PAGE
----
Holder said the new rules would address problems faced by newly licensed recreational pot retailers in Colorado, and medical marijuana dispensaries in other states, in operating on a cash-only basis, without access to banking services or credit.
Proprietors of state-licensed marijuana distributors in Colorado and elsewhere have complained of having to purchase inventory, pay employees and conduct sales entirely in cash, requiring elaborate and expensive security measures and putting them at a high risk of robbery.
It also makes accounting for state sales tax-collection purposes difficult.
“You don’t want just huge amounts of cash in these places,” Holder told the audience at the University of Virginia. “They want to be able to use the banking system. And so we will be issuing some regulations I think very soon to deal with that issue.”
Holder’s comments echoed remarks by his deputy, James Cole, in September during a Senate Judiciary Committee hearing on Capitol Hill.
Colorado this month became the first state to open retail outlets legally permitted to sell marijuana to adults for recreational purposes, in a system similar to what many states have long had in place for alcohol sales.
Washington state is slated to launch its own marijuana retail network later this year, and several other states, including California, Oregon and Alaska, are expected to consider legalizing recreational weed in 2014.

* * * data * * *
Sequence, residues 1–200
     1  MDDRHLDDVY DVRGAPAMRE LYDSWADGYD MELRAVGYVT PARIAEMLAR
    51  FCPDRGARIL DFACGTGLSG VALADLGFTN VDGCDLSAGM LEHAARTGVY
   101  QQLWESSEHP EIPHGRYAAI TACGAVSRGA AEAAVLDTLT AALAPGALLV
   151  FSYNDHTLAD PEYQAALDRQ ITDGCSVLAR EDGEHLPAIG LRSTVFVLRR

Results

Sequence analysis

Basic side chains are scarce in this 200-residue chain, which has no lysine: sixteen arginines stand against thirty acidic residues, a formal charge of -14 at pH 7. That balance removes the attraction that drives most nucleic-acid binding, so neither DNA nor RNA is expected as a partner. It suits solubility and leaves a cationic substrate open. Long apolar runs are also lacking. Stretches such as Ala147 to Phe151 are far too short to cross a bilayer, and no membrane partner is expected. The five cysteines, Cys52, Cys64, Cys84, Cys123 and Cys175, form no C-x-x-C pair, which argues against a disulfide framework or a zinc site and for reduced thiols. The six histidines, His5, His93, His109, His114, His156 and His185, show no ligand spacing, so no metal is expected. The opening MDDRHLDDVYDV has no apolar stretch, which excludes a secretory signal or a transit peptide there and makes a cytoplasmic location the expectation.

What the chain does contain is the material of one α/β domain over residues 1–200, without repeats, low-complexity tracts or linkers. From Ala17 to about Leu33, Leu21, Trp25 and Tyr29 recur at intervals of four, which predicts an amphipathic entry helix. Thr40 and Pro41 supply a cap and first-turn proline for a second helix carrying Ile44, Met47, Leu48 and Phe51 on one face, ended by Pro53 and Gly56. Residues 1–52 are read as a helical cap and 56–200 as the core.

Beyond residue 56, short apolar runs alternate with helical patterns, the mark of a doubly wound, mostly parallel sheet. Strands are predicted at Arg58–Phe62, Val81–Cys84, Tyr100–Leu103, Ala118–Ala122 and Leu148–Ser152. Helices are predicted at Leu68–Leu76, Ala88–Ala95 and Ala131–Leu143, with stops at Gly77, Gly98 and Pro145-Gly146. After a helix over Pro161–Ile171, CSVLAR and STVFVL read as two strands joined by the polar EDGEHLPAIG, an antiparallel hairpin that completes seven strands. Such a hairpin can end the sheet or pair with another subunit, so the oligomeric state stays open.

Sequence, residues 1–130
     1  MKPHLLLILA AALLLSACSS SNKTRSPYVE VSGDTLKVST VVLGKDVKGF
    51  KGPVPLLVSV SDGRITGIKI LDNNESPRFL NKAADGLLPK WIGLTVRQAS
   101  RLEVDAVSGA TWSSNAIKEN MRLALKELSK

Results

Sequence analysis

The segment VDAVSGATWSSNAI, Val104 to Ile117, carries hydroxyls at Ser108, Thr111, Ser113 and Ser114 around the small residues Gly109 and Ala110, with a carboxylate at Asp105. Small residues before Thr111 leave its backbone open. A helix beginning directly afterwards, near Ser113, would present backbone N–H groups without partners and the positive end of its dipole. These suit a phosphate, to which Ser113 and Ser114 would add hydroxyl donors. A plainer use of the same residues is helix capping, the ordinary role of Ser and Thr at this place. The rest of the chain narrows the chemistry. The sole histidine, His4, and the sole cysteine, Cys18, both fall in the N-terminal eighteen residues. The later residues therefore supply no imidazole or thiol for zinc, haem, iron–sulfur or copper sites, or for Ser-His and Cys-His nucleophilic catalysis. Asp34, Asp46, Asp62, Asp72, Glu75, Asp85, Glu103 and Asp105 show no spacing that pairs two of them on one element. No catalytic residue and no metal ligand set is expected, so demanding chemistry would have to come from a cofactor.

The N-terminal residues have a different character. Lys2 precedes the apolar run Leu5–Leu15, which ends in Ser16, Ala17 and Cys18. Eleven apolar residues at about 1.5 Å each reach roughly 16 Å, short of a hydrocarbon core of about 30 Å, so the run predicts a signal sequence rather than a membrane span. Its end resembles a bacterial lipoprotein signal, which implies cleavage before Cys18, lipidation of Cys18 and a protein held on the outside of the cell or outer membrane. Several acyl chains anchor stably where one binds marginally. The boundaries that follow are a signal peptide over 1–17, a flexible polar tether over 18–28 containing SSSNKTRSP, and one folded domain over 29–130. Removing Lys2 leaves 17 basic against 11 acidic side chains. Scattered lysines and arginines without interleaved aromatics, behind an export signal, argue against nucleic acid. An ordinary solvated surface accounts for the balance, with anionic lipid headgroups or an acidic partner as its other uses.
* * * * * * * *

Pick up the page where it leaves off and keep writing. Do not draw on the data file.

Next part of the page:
The number of states approving marijuana for medical purposes has also been growing. California was the first in 1996, and has since been followed by about 20 other states and the District of Columbia.
But the fledgling recreational pot markets in Colorado and Washington state have sent a new wave of cannabis proprietors clamoring to obtain loans and make deposits in banks and credit unions.
The Justice Department announced in August that the administration would give new latitude to states experimenting with taxation and regulation of marijuana.
But with the drug still outlawed at the federal level, banks are barred under money-laundering rules from handling proceeds from marijuana sales even in states where pot sales have been made legal.
The lack of credit for marijuana businesses, however, poses its own criminal justice concerns, Holder said.
“There’s a public safety component to this,” he said. “Huge amounts of cash – substantial amounts of cash just kind of lying around with no place for it to be appropriately deposited – is something that would worry me just from a law enforcement perspective.”
Holder did not offer any specifics on a timeline for action on banking services for marijuana. Cole in September said the Justice Department was working on the issue with the Treasury Department’s financial crimes enforcement network.
Critics of liberalized marijuana laws have said the lack of credit faced by pot retailers was beside the point.
“We are in the midst of creating a corporate, for-profit marijuana industry that has to rely on addiction for profit, and that’s a much bigger issue than whether these stores take American Express,” said Kevin Sabet, co-founder of the anti-legalization group Smart Approaches to Marijuana. (Reporting by David Ingram in Charlottesville, Virginia; Writing by Alex Dobuzinskis; Editing by Steve Gorman and Lisa Shumaker)